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Volume 32, Issue 3

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improvingAchieving optimal situational awareness is critical in any disaster response. The more complicated the event, the more difficult the task. There has been significant investment in incident command and management systems that clarify organizational structures, domains of authority, lines of responsibility, and common operating pictures (COP). These are excellent tools but they are insufficient for disaster response leadership. A view that encompasses the deeper, more complex dimensions of any crisis is required.

At the National Preparedness Leadership Initiative (NPLI), a joint program of the Harvard School of Public Health and Harvard’s Kennedy School of Government, the meta-leadership framework and practice method has been developed by observing leaders in high-stakes, high-pressure situations including large-scale natural and man-made disasters. One recent example: NPLI faculty and staff observed the slowly unfolding Deepwater Horizon disaster at the behest of Rear Admiral (RDML) Peter Neffenger of the US Coast Guard, Deputy National Incident Commander to Admiral (ADM) Thad Allen, commandant of the US Coast Guard, and presidential-appointed national incident commander.

The Deepwater Horizon Incident

The 2010 Deepwater Horizon offshore oil spill was the largest catastrophe of its kind in history. Eleven workers were killed and the platform burned for two days before it sank to the sea floor, more than 5,000 feet below. Oil spewed from the blown well for 87 days, while some 50,000 people from state, federal and local agencies were tasked with responding to the evolving crisis. In 2010 it was estimated over $13 billion was spent in response costs alone; with BP setting aside $20 billion in escrow funds to pay damages to individual claimants for business losses and to state and local governments for on-going clean-up efforts. Wired Science noted that if the Mississippi Delta were valued similar to a revenue generating company, the aggregate losses stemming from the Deepwater Horizon blowout would be in the range of $350 billion to $1 trillion.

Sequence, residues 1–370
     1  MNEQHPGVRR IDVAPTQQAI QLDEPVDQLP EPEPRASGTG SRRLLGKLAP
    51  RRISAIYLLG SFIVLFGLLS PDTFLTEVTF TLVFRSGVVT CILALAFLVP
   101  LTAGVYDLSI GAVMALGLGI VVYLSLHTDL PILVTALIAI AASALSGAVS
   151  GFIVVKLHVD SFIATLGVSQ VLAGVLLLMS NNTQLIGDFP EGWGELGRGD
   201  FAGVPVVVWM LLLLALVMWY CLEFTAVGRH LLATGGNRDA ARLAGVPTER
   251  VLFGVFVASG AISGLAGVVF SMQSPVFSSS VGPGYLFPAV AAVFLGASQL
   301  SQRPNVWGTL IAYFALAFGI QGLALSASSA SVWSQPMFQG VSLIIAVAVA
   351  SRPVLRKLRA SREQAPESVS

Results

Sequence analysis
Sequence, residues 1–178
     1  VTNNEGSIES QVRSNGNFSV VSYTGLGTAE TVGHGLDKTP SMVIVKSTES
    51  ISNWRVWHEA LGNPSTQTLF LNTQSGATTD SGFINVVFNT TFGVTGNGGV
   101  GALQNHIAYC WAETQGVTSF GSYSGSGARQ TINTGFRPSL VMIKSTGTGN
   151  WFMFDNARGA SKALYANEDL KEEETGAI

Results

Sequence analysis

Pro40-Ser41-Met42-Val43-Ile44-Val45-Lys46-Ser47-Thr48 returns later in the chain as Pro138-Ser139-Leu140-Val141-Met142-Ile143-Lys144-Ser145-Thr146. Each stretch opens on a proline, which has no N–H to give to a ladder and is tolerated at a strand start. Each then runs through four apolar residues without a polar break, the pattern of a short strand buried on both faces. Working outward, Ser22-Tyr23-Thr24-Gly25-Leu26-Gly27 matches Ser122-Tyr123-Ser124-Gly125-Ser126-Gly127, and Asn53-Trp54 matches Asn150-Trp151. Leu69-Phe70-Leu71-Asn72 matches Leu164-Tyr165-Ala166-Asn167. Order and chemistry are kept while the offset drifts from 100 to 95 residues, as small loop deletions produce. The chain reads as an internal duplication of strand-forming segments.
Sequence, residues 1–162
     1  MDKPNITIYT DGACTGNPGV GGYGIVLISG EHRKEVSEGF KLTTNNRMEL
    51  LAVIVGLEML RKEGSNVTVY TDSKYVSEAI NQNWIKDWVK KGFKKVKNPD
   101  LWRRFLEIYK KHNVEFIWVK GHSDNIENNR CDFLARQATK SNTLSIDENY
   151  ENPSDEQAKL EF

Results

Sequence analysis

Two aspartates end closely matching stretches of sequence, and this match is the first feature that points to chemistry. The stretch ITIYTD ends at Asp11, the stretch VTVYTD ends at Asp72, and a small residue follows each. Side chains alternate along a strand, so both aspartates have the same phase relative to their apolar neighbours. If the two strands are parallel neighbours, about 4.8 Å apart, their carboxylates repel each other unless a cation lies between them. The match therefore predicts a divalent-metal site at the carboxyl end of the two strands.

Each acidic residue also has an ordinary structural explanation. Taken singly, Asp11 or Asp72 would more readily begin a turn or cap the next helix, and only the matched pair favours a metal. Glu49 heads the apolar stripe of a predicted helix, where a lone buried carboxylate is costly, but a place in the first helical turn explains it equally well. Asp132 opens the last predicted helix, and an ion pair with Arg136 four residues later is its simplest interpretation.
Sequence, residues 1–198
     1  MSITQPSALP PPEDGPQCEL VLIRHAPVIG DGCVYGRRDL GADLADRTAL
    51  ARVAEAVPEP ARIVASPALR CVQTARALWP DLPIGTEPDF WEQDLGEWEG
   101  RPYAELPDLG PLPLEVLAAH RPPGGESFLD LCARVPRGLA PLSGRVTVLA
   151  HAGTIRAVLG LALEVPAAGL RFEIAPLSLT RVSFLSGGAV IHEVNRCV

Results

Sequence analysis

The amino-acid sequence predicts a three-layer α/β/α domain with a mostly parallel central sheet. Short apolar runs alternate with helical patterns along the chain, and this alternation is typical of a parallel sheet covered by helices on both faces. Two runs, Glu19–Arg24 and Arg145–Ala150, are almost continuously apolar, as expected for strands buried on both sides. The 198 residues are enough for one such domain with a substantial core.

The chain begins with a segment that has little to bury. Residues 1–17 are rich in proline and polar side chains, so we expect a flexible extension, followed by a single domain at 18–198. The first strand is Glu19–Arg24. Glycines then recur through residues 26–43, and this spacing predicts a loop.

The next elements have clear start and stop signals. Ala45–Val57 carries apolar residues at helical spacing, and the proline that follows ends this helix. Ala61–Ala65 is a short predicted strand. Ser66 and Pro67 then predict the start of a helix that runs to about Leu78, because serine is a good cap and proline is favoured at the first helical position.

The Deepwater Horizon disaster is an example of enumerable response challenges on multiple levels by many actors and agencies, coupled with the severe economic, environmental and psychosocial consequences that still reverberate today. Fundamentally, it appears that the breakdown of communication and collaboration between companies, NGOs, and government led to worsening an already untenable situation. The Economist pointed out in the one-year retrospective on the disaster that organizational ambiguity was the primary driver of the response effort where coordination under the Join Incident Command failed to temper squabbling between federal, state and local officials about who should lead the particulars of the response.

Dorn-McNulty_graphic_optFrom a leadership perspective, the Deepwater Horizon disaster was a complex national event with emergent and divergent contingencies, requirements and responsible actors with mission critical activities, often at odds or inadvertently causing interference in the execution of situational actions. Like any incident of this scale, the oil spill and response required in actuality leadership of many events:

1) an environmental impact event;

2) a large global corporate event;

3) a small business event;

4) a legal event;

5) a political event;

6) an engineering event;

7) a media event;

8) a public relations event;

9) a federal event;

10) a state event;

11) a local or “parish” event;

12) a policy event.

Each of these events had its own dynamics, timelines, and priorities in the minds of the different parties involved in the response. For a leader, situational awareness must incorporate each of these “events” to inform a comprehensive and unified approach to the response.

The Meta-Leadership Framework and Situational Awareness

The meta-leadership framework comprises five dimensions: